Critique and illustration by: Chris Talbot-Heindl
The grades are in:
- Justin Bieber – D for dumbass douche.
- “Journalists” – F for fucking failure.
- Colombian police – F for fickle flunkies.
- Colombian graffiti artists – A+ for amazing activists!
Justin Bieber hit the news stands again, this time for tagging a message of support for girlfriend beater, Chris Brown, spray painting, “Free Breezy.” As if Chris Brown needs freeing from rehab for anger management. In my opinion, Chris Brown should be a permanent resident of rehab and/or prison.
What makes this “message” all the more idiotic is where Bieber decided to tag it – in Colombia. In Colombia, graffiti artists have been harassed and even murdered by law enforcement. In August of 2011, a police officer shot at close range, in the back, and killed Diego Felice Becerra, a 16-year-old boy who was tagging a wall.
Not only did the police allow Bieber to tag the wall, they actively blocked off the street, protecting Bieber while he did it. A statement from Becerra’s father, Gustavo Trejos: “While graffiti artists here in Colombia get attacked and thrown into jail by the police, an international artist is escorted by the same police to do his art.”
Justin Bieber is an ignorant little prick.
This kind of ignorance grinds my gears to no end. You have North American/celebrity/upper-echelon exceptionalism at its worst. One rule for the rich, privileged prick; one rule for everyone else.
However, Colombian artists have taken this opportunity and matched Bieber’s idiocy with an equal portion of indomitable courage, and have taken to the streets en masse, armed to the teeth with paint.
In less than 24-hours, 300 artists came out of the woodwork and onto the streets of Bogota to create more than 700 separate pieces of graffiti art. The initiative spread and the following weekend, 70 graffiti artists occupied a street in a different city and sprayed for 24 hours. On Sunday, hundreds of artists took to Cali, and more cities are in the works for the future.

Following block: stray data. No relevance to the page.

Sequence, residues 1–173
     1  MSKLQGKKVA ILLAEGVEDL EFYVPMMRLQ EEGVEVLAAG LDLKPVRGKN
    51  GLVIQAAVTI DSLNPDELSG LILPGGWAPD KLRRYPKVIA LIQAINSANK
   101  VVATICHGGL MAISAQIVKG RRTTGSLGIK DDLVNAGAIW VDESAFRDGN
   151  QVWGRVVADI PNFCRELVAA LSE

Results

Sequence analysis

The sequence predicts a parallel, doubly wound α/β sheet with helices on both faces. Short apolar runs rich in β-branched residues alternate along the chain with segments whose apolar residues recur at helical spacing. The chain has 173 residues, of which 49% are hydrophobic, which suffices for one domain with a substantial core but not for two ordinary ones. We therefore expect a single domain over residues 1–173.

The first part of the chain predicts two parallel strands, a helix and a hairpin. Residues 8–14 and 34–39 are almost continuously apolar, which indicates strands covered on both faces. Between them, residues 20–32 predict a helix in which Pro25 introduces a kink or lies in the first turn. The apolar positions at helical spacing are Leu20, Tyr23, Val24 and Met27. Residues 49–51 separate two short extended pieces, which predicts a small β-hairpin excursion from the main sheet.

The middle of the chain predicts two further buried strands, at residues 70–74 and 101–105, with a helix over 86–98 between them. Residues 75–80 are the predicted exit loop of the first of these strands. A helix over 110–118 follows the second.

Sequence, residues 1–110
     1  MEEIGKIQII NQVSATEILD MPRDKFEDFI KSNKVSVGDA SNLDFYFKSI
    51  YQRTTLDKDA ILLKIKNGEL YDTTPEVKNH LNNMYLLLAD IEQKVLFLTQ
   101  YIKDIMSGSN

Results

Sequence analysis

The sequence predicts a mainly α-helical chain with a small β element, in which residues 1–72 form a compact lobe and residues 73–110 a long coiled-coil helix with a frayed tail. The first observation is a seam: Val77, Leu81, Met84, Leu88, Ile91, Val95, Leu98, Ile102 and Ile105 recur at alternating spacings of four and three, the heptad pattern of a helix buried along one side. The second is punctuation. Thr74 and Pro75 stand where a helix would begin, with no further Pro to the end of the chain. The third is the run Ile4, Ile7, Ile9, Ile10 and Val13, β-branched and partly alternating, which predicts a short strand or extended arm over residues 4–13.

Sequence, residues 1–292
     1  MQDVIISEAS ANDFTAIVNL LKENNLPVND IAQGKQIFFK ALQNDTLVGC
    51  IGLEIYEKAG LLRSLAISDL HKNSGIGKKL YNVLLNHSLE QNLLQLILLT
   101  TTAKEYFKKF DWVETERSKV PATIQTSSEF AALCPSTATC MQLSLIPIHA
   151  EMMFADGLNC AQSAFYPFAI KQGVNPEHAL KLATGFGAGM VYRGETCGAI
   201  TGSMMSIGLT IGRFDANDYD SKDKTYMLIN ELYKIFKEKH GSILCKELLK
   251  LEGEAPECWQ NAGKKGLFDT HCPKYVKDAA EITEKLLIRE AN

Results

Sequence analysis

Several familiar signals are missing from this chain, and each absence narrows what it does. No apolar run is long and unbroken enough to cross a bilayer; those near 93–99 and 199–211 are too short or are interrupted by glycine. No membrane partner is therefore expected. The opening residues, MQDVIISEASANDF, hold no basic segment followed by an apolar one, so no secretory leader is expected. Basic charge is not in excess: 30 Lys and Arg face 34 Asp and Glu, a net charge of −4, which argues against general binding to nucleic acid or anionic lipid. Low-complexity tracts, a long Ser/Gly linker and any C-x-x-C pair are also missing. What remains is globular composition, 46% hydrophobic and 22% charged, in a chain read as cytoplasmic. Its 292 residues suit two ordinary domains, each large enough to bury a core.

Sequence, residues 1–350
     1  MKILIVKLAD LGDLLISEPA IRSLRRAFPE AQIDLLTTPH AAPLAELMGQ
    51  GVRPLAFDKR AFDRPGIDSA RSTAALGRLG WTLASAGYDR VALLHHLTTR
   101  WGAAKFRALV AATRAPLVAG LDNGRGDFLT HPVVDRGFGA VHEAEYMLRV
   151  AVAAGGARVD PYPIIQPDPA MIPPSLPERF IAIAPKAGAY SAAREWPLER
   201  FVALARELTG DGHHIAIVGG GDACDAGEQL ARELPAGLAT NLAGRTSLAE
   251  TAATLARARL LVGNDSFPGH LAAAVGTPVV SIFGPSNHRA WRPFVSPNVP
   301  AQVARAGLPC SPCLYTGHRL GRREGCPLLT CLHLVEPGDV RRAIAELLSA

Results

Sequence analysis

In some cities, the police threatened the graffiti artists, but the artists reminded them that law enforcement had helped Bieber.
In Bogota, where Becerra was murdered, the parents went to greet the participants who sprayed for the 24-hour event. His mother had this to say, “Our son was one of you. His death was very painful, but if the purpose behind this tragedy is to create a more tolerant society and to legitimize graffiti as an art, then Felipe from heaven will be satisfied.”
What pisses me off with media covering this topic is that so many so called “journalists” are crediting Bieber for this movement and making ridiculous claims of what his “actions” were. Some claiming “Justin Bieber had just served them with a golden opportunity,” “Justin Bieber sparks a graffi revolution in Colombia” (Huffington Post) and “Who knew that Bieber would be the face of a revolution?” (Complex); some claiming that he was doing some sort of service, tagging “several written bits of advice on how to ‘overcome expectations’ in one’s life” (Latino Daily News); some claiming that graffiti is perfectly legal and allowed in Colombia (E! News, Daily Mail, and Time Magazine); and some claiming his ridiculous tribute to his pet and horribly scrawled messages of support are evidence of Bieber and his pals “get[ting] their Banksy on” (MTV News).
As far as Bieber is concerned, this was one of a long string of idiotic, blundering cries for help.
As far as the police are concerned, this points to yet another gross injustice.
As far as the journalists are concerned, they should really just be incredibly ashamed.
But as far as the actual artists who have created a movement around it – they are incredibly brave and beautiful people, making the best out of a bad situation.
When an Occupy movement takes a foothold in a city, you don’t credit the corporations that spurned the action by providing a last straw. When you report on the graffiti movement, don’t you dare credit that affluent, socially advantaged prick, Justin Bieber.